Review: Motorola ROKR E2 Music Phone

“The sides of the ROKR E2 are filled with all sorts of buttons. The left side of the phone contains the volume keys along with dedicated music player buttons including previous track, play/pause, and next track. On the right side, the miniUSB port is located toward the bottom along with the SD memory card slot. Yes, the ROKR E2 utilizes SD cards instead of the usual microSD cards that Motorola has used in the past. This might prove to be a very positive move since SD cards are cheaper and easier to find than their smaller brethren are. A key lock slider is located next to the voice dial button on the right side of the ROKR E2. The back of the phone holds the 1.3 megapixel camera lens with LED flash. The loudspeaker is located to the right of the camera lens.You will find a light sensor on top of the phone that automatically adjusts the keypad backlight. Let’s say you are in a dimly lit room and you take out your ROKR E2 – the light sensor will automatically switch on the keypad backlight. When you are out in the sun or in a brightly lit place, the keypad backlight will be turned off. Sadly, the light sensor does not adjust the brightness of the display. Music aficionados will be glad to know that there is a 3.5mm headphone jack located on top of the phone, enabling owners to use their favorite headphones to listen to their tracks.Measuring 106mm x 49.5mm x 18mm (4.17″ x 1.95″ x 0.70″) and weighing a mere 107g (3.77oz), the ROKR E2 is quite a funky looker and should prove to be quite attractive to younger users. Others who might prefer a more professional or conservative look would do well looking at other color schemes of the ROKR E2, such as while or full black.” Read more here:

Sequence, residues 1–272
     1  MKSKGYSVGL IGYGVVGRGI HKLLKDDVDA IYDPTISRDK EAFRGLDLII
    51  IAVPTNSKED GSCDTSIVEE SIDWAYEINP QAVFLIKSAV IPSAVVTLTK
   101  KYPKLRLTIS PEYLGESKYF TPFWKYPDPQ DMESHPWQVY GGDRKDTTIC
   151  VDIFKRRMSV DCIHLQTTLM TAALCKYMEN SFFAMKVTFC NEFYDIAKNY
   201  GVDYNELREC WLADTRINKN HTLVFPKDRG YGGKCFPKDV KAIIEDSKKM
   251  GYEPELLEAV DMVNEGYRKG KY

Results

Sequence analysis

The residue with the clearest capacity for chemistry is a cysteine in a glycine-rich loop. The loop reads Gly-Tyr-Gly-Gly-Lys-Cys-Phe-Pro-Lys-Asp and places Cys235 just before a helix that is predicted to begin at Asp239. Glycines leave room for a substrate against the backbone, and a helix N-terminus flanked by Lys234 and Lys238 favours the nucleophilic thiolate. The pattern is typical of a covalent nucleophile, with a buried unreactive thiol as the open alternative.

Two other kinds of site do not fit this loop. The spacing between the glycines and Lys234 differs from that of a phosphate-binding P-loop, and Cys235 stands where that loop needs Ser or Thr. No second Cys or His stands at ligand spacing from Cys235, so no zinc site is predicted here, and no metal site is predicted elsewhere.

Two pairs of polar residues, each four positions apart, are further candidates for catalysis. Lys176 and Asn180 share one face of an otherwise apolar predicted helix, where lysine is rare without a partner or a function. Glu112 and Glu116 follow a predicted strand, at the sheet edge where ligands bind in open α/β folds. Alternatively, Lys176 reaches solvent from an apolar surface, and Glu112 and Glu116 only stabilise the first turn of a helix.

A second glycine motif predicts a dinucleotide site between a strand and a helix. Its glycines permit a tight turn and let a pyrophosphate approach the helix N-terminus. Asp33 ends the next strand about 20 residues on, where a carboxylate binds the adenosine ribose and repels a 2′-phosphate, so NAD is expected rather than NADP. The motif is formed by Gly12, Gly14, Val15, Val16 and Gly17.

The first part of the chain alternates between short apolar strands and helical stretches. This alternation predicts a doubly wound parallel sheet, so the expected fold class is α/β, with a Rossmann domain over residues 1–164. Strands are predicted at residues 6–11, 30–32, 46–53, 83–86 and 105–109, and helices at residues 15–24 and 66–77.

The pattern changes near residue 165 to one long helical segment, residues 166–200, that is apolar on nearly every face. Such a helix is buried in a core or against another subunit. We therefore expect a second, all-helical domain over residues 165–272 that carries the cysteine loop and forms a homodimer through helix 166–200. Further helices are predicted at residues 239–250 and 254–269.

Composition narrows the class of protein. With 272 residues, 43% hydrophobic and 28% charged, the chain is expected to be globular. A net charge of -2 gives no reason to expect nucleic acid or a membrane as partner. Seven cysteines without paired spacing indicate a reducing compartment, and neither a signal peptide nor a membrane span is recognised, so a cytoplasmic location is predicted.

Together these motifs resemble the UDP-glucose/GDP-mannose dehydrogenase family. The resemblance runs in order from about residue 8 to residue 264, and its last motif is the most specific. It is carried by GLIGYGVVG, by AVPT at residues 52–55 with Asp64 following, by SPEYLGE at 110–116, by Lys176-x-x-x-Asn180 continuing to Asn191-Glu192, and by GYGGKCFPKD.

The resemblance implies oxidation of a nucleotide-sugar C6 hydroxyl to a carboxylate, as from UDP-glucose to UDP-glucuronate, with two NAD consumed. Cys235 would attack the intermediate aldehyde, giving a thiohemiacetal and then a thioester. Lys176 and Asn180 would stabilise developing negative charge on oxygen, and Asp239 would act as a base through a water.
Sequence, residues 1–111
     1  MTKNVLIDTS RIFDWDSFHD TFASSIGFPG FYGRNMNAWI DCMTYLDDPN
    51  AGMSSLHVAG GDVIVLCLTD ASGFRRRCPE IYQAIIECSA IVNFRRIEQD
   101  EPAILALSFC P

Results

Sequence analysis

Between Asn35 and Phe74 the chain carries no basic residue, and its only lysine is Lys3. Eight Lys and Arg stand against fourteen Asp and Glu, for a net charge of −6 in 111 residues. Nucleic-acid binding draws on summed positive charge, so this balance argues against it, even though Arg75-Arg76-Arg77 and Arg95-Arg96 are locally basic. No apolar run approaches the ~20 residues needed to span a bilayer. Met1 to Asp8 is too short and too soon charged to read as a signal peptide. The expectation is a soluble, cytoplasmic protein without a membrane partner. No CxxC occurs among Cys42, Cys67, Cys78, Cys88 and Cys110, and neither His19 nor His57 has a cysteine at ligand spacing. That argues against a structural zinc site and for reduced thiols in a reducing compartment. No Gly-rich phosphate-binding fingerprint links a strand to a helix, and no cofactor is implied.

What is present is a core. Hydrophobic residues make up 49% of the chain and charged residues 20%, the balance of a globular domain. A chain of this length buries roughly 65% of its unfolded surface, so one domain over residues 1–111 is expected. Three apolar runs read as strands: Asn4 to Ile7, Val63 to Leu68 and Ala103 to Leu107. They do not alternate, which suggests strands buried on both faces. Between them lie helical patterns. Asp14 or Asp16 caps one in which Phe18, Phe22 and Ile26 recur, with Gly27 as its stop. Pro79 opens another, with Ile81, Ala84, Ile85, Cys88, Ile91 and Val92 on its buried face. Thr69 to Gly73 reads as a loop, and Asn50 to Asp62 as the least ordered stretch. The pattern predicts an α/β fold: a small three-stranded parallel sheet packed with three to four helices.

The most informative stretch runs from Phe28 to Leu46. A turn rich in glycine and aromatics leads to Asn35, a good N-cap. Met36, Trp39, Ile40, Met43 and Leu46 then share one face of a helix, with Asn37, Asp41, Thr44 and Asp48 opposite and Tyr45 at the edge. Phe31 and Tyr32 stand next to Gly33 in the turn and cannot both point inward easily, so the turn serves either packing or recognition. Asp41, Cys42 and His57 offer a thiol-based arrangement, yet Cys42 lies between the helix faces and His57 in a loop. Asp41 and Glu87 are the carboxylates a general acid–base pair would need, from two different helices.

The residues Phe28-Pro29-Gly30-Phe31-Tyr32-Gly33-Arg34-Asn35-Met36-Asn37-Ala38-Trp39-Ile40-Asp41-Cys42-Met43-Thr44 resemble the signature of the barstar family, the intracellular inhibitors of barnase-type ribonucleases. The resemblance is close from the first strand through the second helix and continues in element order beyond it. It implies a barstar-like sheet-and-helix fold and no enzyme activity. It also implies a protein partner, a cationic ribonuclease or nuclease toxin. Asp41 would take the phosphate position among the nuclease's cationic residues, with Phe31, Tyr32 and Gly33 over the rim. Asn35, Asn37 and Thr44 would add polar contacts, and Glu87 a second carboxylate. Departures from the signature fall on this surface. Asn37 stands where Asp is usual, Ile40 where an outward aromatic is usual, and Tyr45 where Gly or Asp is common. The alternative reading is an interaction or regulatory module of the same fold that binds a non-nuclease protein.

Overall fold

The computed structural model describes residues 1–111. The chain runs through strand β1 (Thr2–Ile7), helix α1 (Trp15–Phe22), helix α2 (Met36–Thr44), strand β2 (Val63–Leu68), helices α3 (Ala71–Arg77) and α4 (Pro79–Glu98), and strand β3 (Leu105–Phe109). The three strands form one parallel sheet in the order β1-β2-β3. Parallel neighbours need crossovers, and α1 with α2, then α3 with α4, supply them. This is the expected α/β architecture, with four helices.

Long awaited P990i update now available

Sony Ericsson's P990i Approved for the USA Finally the long awaited Sony Ericsson P990i update is OUT! There is a lot of discussion on the net and many users say that this is the thing that was missing from the start! I own a w950 UIQ Smartphone and I am curious about this particular update. Thanks to allaboutsymbian for the tip.. “The long, long awaited Sony Ericsson P990i firmware update is now live on SE’s Update Service, according to a forum member. The new version is “R4A13″ (Org) and seems to have around 2MB more RAM at boot up, plus better memory management generally. Note that this is for unbranded devices only, as usual.”

NPD Reports Smartphone Growth Spurt